“I used to run a small restaurant in Kampala. I came and checked the area and found no good restaurants so I decided to move here. Currently, I receive about 200 customers per day. Many of them are working for the aid agencies but some of them are refugees and Ugandan business people visiting the camp.”
Owners of pre-existing businesses in the host area have also benefited significantly from the presence of refugees and humanitarian workers. One local family renovated their bar to target the growing population; the business grew rapidly and in 2014 the family expanded it to create a lodge with a restaurant just outside the entrance of the settlement.
Compared with Nakivale and Kyangwali, refugees’ economic activities in Rwamwanja were still embryonic and less extensively connected with national and transnational economies. Nevertheless, Rwamwanja reveals the dynamic process through which a new ‘refugee-induced economy’ emerges following a mass influx of refugees even in an underdeveloped host region.
With an estimated population of more than 1.5 million, Kampala is the largest city in Uganda. Here refugees live and work side by side with both Ugandan nationals and migrants from across the continent. Most Somali refugees live alongside Somali-Ugandans and Somali economic migrants in Kisenyi in Kampala, taking advantage of their ethnic ties with the vibrant Somali-Ugandan economies and filling gaps in labour demand in sectors where most non-Somali Ugandans would not seek employment. Several large-scale Somali-Ugandan enterprises in the oil, petrol and retail industries hire a large number of Somali refugees. A Somali-Ugandan manager from one of these companies explained that hiring Somali refugees is a simple decision:
“We feel more comfortable working with Somali people because we have a lot in common such as language, religion and cultural habits.”
In contrast, Congolese refugees live scattered in several areas in Kampala such as Nsambya and Katwe, and live alongside Ugandan communities. While they are associated with a range of economic activities, the selling of bitenge (traditional Congolese fabric) is the most common, for two main reasons – firstly, the up-front investment needed is relatively small and, secondly, positive stereotyping of Congolese craftsmanship among Ugandans provides a helpful market opportunity. These Congolese refugees find mutually beneficial economic links with Ugandan merchants; these Ugandans have come to rely heavily on Congolese refugees, who act as the primary distributors and retailers for their products.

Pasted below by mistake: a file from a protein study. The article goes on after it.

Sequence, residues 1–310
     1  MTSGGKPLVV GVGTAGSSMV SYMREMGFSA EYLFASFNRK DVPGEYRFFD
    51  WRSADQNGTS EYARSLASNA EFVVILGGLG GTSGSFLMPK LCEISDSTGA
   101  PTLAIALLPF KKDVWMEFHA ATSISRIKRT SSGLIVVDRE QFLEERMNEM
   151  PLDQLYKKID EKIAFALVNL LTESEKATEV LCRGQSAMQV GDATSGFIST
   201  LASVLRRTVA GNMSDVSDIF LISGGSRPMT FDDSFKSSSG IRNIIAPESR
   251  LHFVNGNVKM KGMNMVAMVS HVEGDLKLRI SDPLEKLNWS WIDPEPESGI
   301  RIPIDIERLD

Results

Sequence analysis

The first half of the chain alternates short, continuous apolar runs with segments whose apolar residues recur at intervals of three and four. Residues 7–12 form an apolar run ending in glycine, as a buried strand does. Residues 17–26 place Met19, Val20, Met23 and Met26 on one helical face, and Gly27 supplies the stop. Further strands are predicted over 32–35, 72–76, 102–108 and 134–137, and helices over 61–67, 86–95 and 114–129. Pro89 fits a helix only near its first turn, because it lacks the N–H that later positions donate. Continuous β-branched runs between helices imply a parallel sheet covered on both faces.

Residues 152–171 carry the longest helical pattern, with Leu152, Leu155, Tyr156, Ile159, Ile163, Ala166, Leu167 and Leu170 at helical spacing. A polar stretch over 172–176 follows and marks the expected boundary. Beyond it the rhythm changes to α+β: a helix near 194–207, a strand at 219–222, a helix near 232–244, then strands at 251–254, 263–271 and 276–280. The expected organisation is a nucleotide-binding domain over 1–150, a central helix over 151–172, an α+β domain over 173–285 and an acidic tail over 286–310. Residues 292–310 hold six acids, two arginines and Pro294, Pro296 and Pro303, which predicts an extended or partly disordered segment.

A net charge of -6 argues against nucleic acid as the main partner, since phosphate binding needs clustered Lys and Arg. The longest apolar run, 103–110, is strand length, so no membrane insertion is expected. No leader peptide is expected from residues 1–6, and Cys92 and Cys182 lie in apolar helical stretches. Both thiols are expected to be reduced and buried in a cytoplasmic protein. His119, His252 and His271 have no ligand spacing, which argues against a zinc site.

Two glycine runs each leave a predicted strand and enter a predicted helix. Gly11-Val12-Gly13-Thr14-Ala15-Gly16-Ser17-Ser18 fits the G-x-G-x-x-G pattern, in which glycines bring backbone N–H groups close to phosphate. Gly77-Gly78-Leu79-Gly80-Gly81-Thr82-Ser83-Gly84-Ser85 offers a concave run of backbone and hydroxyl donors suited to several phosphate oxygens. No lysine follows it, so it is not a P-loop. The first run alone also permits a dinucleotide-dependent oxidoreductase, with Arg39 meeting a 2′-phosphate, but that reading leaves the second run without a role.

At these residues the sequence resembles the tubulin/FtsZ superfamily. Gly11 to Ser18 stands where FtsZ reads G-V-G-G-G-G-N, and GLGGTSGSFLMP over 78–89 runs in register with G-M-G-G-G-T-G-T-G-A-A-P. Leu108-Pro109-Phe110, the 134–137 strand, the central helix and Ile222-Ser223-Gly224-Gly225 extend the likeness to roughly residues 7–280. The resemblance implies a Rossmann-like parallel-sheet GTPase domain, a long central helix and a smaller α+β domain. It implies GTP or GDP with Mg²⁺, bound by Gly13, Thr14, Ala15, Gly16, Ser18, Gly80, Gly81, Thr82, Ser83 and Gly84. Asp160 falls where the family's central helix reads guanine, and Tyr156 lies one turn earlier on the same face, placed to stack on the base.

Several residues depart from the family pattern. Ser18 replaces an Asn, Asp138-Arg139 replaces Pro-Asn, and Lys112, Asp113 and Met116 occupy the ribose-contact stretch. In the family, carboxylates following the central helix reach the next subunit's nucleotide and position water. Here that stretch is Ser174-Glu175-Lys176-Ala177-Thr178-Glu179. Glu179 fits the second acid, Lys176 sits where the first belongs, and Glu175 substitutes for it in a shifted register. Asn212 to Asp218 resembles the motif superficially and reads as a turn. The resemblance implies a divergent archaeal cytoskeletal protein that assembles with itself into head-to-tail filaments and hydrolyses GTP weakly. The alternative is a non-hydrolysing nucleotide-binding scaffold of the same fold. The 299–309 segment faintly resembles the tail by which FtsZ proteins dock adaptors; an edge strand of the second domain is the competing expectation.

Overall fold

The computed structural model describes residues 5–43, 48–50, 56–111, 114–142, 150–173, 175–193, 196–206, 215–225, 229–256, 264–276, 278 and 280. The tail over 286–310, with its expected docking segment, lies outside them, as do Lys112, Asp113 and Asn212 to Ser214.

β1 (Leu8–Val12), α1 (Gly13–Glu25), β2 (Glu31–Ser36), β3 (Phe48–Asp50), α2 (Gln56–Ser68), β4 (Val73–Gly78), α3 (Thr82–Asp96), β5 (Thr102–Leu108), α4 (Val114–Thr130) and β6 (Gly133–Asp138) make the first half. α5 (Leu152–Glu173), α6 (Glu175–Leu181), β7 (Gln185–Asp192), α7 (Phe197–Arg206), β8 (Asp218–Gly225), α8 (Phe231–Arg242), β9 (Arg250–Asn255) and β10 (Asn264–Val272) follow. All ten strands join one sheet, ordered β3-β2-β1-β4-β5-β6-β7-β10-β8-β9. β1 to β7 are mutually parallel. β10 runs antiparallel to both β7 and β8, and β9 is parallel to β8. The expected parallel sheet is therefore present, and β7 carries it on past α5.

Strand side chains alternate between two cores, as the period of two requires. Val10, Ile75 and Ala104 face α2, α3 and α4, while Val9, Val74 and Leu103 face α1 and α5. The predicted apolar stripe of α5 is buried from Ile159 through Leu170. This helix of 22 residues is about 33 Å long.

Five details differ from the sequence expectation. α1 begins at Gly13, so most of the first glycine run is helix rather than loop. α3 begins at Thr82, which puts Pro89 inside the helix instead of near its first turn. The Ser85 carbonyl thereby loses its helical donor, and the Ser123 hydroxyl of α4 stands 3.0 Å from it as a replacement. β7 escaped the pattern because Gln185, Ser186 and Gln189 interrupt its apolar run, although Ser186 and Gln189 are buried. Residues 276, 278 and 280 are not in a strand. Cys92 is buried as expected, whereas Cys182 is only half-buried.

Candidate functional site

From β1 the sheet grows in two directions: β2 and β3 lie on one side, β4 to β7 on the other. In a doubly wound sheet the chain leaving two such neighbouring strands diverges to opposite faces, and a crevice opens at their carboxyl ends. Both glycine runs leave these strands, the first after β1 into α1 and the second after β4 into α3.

Countering prevailing perceptions
Among policymakers, there is a prevailing perception that the presence of refugees intensifies competition for employment with national populations in a host country. Contrary to this perception, however, in Kampala, Congolese and Somali refugees have sought their own economic space in the wider host economy, not necessarily in conflict with nationals. And in each of our study sites, the presence of refugees’ economic activities has resulted in interdependence between refugees and host communities, rather than a zero-sum game of economic rivalry.
In the protracted refugee contexts of Nakivale and Kyangawali, refugee settlements have become embedded in regional commerce through ‘import and export’ of items and have become active trade hubs in their remote, rural locations. Even in recently established Rwamwanja, refugees’ business activities are being gradually linked with surrounding economies and appear to play a role in revitalising host communities. While the ways in which refugees position themselves in host economies differ in each setting, refugees clearly play an important, perhaps indispensable, role in wider commercial sectors in Uganda.
Some implications for policy and practice follow from this analysis. Often, attempts to support refugees’ income-generating activities are conceived in abstraction rather than with an understanding of wider market contexts. Actors working to enhance economic opportunities for refugee and host populations need a clear and better understanding of the relevant economic systems and structures. Furthermore, interventions should aim either to build upon existing markets and businesses or help refugees to more effectively engage with those markets. And, finally, external actors need to help create an enabling environment. Refugees can be market creators if certain conditions and rights are granted, enabling them to identify and employ unique livelihood assets while avoiding intensifying competition with host populations.
Senior Research Officer, Refugee Economies Programme, Refugee Studies Centre, Oxford Department of International Development, University of Oxford
 See Betts A, Bloom L, Kaplan J and Omata N (2016) Refugee Economies: Forced Displacement and Development